Beach glass everywhere, due to being part of a former landfill? Intriguing. Miles of waves rolling over gravel? Deeply theraputic. Scouring billions of rocks and shells below our feet? Meditative.
I have many fond memories of tide-pooling and beachcombing. Living in one of the most rural areas of Bainbridge Island, they were activities I could do solo that kept me exploring. It’s still one of my happy places. Yet, I’ve never heard of Glass Beach, near Port Townsend.
We journeyed there the previous week, except high winds, low temps, and an impassable high tide forced us to take a rain check. Instead, Chimicum Cafe’s pie satisfied, as did nearby Finnriver Cidery. Both are recommended.
It’s been raining hard all week. Most of the local rivers and streams are near flood stage. And, in classic PNW fashion, the forecast says the sun is making a cameo appearance today. Gloriously. Arriving in Port Townsend around tide’s recession, we park and venture out on our hike.
And hike it is: walking over uneven sand, gravel, logs, and slippery rocks is challenging–making short distances seem much longer. Three miles look and feel like a very long way down the shoreline. “Worth every step–just you wait” my friend affirms.
Bluffs jutt out along the shoreline like immense progress markers for our trek. My friend points to the largest: “We’ll walk down there, past McCurdy Point, where you can see Protection Island–that’s where all the glass is.”
We quickly mill past other combers, then slow, reaching our destination in just under two hours of casual, photo-laden meandering. Wildlife is out in full force: Harbor seals popping up along the shore; immature bald eagles soar; an osprey swoops; herons skulk, screeching when disturbed; a cormorant stands vigilant on a boulder that looks like a giant tooth; assorted ducks bob up- and down-current. I spy a bird I am unfamiliar with, flitting around in the surf: a black oystercatcher. Cool.
Recent storms washed up large braids of sea kelp, making for beautiful photo compositions. Mount Baker and the Olympic mountains are visible. Warm breezes from sun-baked beaches intermingled with bitter cold surf make for drastic temp changes.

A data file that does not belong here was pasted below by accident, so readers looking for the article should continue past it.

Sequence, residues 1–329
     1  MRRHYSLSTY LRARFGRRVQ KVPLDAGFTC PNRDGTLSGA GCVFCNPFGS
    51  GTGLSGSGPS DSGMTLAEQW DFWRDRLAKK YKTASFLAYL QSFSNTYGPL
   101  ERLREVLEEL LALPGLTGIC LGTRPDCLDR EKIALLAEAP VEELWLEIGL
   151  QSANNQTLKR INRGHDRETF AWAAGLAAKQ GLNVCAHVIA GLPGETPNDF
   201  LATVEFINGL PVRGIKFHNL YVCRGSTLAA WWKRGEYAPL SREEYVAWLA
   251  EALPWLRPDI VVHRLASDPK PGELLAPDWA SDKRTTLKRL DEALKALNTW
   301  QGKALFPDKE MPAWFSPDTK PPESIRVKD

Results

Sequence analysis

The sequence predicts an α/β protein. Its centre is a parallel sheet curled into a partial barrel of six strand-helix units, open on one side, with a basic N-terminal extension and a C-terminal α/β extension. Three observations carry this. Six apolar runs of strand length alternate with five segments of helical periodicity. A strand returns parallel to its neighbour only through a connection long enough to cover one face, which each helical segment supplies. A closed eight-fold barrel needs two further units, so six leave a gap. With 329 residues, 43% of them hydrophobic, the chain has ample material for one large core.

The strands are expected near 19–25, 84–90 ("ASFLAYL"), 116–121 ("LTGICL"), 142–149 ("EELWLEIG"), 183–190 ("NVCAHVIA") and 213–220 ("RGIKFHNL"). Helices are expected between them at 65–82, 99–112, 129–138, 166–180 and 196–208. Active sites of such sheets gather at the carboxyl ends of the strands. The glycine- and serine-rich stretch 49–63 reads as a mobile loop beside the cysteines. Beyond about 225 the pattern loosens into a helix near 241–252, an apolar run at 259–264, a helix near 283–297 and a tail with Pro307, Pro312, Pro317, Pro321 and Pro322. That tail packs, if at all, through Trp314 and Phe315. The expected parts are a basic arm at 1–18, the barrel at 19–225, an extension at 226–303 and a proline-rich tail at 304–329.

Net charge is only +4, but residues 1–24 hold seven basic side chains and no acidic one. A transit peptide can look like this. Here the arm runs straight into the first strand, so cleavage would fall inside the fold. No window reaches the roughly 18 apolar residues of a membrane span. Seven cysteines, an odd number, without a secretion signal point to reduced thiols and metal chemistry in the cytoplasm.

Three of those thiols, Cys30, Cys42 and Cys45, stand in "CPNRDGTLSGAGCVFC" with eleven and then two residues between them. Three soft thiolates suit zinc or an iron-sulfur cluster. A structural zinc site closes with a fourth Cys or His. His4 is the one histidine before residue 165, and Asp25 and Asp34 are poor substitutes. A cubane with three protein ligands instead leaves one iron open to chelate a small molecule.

We round McCurdy Point, and Protection Island comes into full view, along with bizarre art pieces: ancient engines, transaxles, and differentials sit among the rocks and drift logs.
Other folks are already at the magic spot, eyes glued to the ground, as if looking for a lost needle in a haystack. I’m looking for a carpet of glass and don’t see it. And then it happens: I find a piece of glass. And then another. And another. Wait. They’re all over.
More and more glass reveals itself. Some is so pitted and rounded, it looks like stone. Clear glass is common. Brown and green, less-so. Blue glass is sought after. Especially, light blue. Pottery bits and brick are also popular.
We continue to search. Sunglasses tint my view, hindering my ability to identify desired glass. Or maybe not. Somehow, within minutes, I come upon the unicorn: red glass. Is it the polarized lenses? Who knows. I call it Beginner’s Luck.
Whatever, we search for a long time after that, unable to produce more red glass. We find some great pieces. And agates. And shells. Finally, my friend pulls out what amounts to pounds of precious blue glass. It is ceremoniously broken onto the rocks near the shoreline. We are giving back. After a moment of silence, we head back to our car and awaiting ciders.
Along the way, we observe tiny sea snails slithering silently on the sand. We poke sea anemones. We soak up the sun.
Stumbling upon some colossal mussels, and a Giant Pacific chiton the size of my hand, I wonder what planet I’m on. You never know what will wash up after a strong storm. The shoreline changes with each passing tide. New discoveries await. And that’s why I’ll be back–it’s a gem.